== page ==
Earthquakes and landslides in Nepal / Nepal landslide mapping

Role in SHEAR

Improving risk knowledge and preparedness for landslides in Nepal.


In 2015, earthquakes triggered over 22 000 landslides across 14 districts of central Nepal. In the aftermath of the earthquake, the National Reconstruction Authority (NRA) identified approximately 500 settlements that required field-based geohazard assessments prior to permitting reconstruction.

The damage to the hillslopes during the earthquakes has resulted in an increased probability of landsliding during the following monsoon seasons (2015 onwards). This is anticipated to last for five to ten years, and is likely to have a major impact on the road network, reconstruction, and personal safety.

There is limited coordinated effort to assess post earthquake landslide hazard, in particular the evolving landslide risk due to the monsoons. Moving beyond planning based only on a static assessment of current risk is vital, and NRA activities depend on this information.




Post earthquake landslide mapping

The BGS and partners at Durham University have used satellite imagery to map and characterise over 3000 landslides triggered by the 2015 earthquake. Various types of satellite data (obtained via the International Charter: Space and Major Disasters, and directly from data suppliers) including WorldView, UK-DMC2, SPOT, Pleiades and RADARSAT-2 to create maps of landslides active since the earthquake. These maps are helping the relief efforts by showing where roads or rivers are blocked and where villages have been affected by landslide debris.

The UK team has also worked alongside and compiled the landslide maps from other agencies, such as NASA, NGA, MDA and ICIMOD, to produce a comprehensive map of the post earthquake landslides. The maps have been posted in several locations including the Charter website, UNOSAT, Nepal Earthquake Support and Earthquakes Without Frontiers, and are being used on the ground by several relief agencies.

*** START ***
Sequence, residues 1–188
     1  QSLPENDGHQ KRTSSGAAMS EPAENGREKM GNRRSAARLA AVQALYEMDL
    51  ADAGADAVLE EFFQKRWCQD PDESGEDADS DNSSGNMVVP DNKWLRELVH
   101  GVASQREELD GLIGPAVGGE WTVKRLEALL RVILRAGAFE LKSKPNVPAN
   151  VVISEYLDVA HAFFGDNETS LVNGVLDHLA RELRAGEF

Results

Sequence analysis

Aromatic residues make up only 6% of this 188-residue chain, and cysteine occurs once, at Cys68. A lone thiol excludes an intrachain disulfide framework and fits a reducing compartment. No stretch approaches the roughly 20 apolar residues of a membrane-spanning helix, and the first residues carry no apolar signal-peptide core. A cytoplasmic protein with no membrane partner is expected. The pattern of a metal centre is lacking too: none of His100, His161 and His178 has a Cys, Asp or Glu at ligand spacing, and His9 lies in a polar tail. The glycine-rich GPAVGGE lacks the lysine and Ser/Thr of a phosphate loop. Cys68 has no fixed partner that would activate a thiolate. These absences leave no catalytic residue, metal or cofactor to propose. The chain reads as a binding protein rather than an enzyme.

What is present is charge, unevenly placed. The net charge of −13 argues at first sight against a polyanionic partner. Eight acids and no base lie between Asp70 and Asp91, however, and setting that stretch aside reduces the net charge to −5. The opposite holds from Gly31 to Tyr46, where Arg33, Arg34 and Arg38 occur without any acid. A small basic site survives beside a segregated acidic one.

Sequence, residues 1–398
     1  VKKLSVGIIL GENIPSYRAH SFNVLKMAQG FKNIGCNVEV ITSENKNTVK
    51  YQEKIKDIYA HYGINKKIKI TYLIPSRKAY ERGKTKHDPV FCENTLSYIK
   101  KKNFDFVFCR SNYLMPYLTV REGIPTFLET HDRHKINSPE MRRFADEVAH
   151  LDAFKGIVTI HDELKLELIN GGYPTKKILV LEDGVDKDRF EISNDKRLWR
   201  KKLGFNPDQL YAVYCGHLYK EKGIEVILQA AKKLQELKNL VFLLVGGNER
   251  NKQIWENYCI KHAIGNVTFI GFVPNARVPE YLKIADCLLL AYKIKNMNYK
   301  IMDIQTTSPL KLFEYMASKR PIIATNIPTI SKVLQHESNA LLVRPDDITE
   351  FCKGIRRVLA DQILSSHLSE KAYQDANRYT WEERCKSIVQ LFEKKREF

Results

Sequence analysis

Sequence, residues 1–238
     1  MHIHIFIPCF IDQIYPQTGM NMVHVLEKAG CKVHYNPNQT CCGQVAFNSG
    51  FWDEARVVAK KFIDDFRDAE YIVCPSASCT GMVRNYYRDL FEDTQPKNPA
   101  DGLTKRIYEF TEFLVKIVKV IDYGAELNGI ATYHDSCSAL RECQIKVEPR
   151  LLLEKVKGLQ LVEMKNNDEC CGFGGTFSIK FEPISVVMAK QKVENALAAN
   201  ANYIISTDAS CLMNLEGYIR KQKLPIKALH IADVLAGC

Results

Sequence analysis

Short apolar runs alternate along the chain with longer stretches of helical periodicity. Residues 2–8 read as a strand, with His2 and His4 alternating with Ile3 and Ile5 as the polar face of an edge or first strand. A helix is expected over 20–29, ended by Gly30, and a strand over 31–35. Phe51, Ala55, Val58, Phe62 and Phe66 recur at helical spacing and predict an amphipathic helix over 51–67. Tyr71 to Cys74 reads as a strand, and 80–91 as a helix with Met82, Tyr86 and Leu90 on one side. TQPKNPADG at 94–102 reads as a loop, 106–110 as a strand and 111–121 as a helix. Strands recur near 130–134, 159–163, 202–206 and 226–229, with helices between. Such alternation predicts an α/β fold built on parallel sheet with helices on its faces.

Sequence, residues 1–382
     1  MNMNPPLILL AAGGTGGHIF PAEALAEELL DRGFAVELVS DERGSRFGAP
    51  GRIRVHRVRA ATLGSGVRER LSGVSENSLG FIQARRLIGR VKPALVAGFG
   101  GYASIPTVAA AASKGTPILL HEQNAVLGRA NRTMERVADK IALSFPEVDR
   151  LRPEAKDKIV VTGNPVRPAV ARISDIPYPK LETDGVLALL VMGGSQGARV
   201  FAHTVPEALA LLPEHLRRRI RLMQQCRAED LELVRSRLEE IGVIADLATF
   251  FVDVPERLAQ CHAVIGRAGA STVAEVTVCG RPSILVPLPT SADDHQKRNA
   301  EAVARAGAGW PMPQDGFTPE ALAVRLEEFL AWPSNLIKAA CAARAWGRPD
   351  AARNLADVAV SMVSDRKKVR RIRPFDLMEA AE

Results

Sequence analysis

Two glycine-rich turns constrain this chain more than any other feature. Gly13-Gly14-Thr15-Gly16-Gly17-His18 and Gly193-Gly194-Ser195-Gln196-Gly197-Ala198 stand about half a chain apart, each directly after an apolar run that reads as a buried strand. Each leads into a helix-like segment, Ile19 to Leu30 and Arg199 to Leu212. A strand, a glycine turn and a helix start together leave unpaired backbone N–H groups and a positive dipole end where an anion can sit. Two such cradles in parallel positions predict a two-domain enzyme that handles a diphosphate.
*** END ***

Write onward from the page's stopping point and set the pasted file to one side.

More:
Landslide mapping and modelling


  • Mapping the developing landslide situation in central Nepal between 2015 and 2018.
  • Using these data to generate an up-to-date, district-scale landslide risk assessment, to feed into the NRA for planning and programming.
  • Promoting the outputs of this work with those agencies tasked with managing landslide risk in Nepal.


Freely available medium-resolution and commercial high-resolution satellite imagery is used to build on post earthquake national inventory, and complete post-2015 to post-2018 monsoon-triggered landslide inventories in all 14 earthquake-affected districts.

A set of landslide demonstration sites identified as 'high risk' by the NRA geohazards risk assessment is being established, to collect detailed, time-series landslide monitoring data.

Detailed mapping using very high-resolution commercial imagery of the changing nature of landsliding on critical highways between Kathmandu and the borders with India and China is being undertaken. This mapping effort will be repeated for post earthquake conditions, and then after each following monsoon.

Landslide susceptibility modelling and scenario analysis is being undertaken, focusing on modelling future rainfall-triggered landsliding impacts in the 14 earthquake-affected districts.

Landslide risk assessment to individual house locations, footpaths, roads and infrastructure during future monsoons using a range of scenarios between, and including, best and worst cases is being conducted; this will enable prioritisation for resource management, and identification of areas of perpetually high risk.


The project explores how quickly manual, satellite-based, emergency mapping can be used to carry out a humanitarian-facing landslide assessment in the immediate aftermath of a co-seismic event in order to generate useful information.